CLAIRE TOMALIN, PHILIP HENSHER, TOBY LITT, DENISE MINA, JOHN BURNSIDE, LOUISE DOUGHTY, DAVID NICHOLLS. Chair: JOHN MULLAN.
Friday, 2.30pm, and the windows of the Bertelsmann lecture hall are being brought to, having let out some of the morning’s accumulated heat while pea soup (thin) and baskets of bread (various), trays of chicken stew and vanilla cubes with a chocolate coxcomb have been consumed: fuel for the great debate.
Sheets for the author workshops are laid out on a table at the back of the seminar hall – the most popular belonging to John Burnside and David Nicholls, but perhaps that’ll change by the end of the afternoon. The authors are now being wired up for the debate. John Mullan opens with a direct answer to the question:
John Mullan: He’d write brilliant literary novels that also have a plot; he’d mix up sentiment and grotesque tragedy in a way that novelists don’t do any more. So it doesn’t say something about what’s wonderful about Dickens but what’s rare to find in fiction/TV.
Toby Litt: What strikes me is how weird he is on every level. It’s strange that he’s not Russian after Gogol…Today he would have to not be predictable. His core social mission was to change things through writing prose – I don’t think he would have that mission in prose, I don’t think he would feel he was doing enough good in prose fiction.
Louise Doughty: He would. His social manifesto was a post-fact justification for his obsession with language. The language is much more important than the social agenda.
David Nicholls: I think soap opera degrades TV drama in its sheer drama, the endless weddings going wrong, the clichés. Nothing is mundane in Dickens. There are overlaps – there’s a tradition of larger than life characters in sit com too – look at the link between Micawber and Delboy.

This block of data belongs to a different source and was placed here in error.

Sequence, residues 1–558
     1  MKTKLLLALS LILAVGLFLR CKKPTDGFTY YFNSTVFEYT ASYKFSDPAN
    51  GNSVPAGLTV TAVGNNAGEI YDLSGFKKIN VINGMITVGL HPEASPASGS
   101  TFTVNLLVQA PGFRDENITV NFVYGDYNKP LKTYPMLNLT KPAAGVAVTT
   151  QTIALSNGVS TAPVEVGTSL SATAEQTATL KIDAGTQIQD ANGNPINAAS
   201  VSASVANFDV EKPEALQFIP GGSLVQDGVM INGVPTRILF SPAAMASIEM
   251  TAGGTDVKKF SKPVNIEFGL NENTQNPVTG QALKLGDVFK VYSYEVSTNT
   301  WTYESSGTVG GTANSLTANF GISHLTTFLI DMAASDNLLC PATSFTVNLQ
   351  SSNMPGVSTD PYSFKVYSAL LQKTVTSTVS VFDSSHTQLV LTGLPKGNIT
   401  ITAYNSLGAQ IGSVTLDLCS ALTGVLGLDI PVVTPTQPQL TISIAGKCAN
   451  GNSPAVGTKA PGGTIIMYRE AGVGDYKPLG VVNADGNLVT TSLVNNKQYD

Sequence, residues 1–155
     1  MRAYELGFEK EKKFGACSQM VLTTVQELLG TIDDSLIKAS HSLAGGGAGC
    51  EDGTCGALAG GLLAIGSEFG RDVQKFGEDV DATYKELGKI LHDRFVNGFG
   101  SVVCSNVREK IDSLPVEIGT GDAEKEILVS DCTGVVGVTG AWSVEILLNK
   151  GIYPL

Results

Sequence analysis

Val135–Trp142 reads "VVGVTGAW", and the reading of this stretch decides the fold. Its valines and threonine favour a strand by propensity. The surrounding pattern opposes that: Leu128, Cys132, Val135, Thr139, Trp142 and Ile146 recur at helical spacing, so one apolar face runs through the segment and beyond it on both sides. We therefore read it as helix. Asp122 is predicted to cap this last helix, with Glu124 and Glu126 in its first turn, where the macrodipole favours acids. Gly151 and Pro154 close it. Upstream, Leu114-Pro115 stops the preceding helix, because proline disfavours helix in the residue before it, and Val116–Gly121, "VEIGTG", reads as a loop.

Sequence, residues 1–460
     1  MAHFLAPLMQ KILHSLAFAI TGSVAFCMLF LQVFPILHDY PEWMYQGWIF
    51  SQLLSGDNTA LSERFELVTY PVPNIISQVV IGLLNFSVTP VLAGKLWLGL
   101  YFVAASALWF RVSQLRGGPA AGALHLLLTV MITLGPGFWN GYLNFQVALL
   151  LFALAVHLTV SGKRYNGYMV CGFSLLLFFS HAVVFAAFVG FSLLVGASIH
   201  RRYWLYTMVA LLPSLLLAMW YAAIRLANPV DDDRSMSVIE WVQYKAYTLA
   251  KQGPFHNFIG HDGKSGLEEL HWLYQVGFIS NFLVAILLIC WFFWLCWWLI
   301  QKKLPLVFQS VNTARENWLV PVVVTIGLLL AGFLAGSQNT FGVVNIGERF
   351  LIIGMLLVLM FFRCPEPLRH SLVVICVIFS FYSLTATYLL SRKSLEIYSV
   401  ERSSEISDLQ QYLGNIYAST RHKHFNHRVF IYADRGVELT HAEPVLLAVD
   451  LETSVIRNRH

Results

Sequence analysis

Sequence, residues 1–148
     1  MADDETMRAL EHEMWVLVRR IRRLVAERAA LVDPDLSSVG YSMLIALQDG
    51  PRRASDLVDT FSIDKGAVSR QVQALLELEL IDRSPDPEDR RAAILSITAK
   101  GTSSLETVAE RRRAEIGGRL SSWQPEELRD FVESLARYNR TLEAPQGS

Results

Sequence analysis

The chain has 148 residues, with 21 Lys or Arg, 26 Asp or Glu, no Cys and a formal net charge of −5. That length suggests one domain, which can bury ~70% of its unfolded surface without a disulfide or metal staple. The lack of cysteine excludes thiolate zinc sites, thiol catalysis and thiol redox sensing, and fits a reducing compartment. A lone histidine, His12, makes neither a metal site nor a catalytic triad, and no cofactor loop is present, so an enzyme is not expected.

Philip Hensher: He would be torn today in a way that he wasn’t in the 19th century. Now he would have to make a choice between what reaches the largest audience, and the medium that enables the richest expression.
JM: His literary status mattered to him; that’s the reason he wouldn’t do soap operas.
LD: He had a passionate desire to see his readers face to face.
Claire Tomalin: But during his readings he was in complete control of everything – red curtains, lighting – now with anything to do with TV, the people in control are lunatics… Fawlty Towers is the Dickens masterpiece of our TV age.
JM: Contemporary novels which are taught by my academic colleagues are to do with spareness and exactness – look at Coezee – a novelist without wasted words.
CT: But academics are never right on these things!
PH: There’s a duty for novelists to speak to the public who hand over their £15.99; they aren’t writing for the academy.’
LD: We’ll all get together to duff you up later [to Mullan]. There were a lot fewer novelists around in Dickens’ day… compared to the 700 on the British Council website.
Denise Mina: If we talk about popular fiction, we have to talk about genre. Dickens fundamentally challenges the higher/lower distinction. In crime fiction you have to write a book a year, so they are as responsive as dickens – he really responded to the society he lived in because he had to write every month. It’s what comics do as well. During the gulf war all comics were about licensing super powers.
TL: Our humour has changed. Here are some people being benign over tea; if we put that in a novel it would be kitsch.
John Burnside: Is there a social novel – can it do anything politically?
DM: The only mania you get these days is with children’s or young adult literature; there is some optimism in that except they are nearly always written in a fantastical world.
CT: Although there were lots of innovations in Dickens’ time – railways, photography – most of his novels are set indeterminately between 30-40 years, he was able to take a great slab of time and move about in it. That’s no longer possible.
JM: So the common illusion then in Dickens is that he wrote about the issues of the day…
CT: The boys schools were of the day but that’s quite rare.
JM: Do readers care about the historic accuracy?
DM: He’s a storyteller more than a technical writer – that’s why it’s so fresh. Dickens was coming out of an oral tradition; you can hear someone telling you the story.
PH: he would love the transformation from ‘and he goes’ to what my students now say, ‘and he’s like’; English is changing more quickly than ever.
Audience: Why is it that Shakespeare adaptations can be completely modern, but however well it’s done, Dickens doesn’t translate?
TL: Dickens was writing pre-Freud, pre-Marx. He writes clockwork characters without an internal life.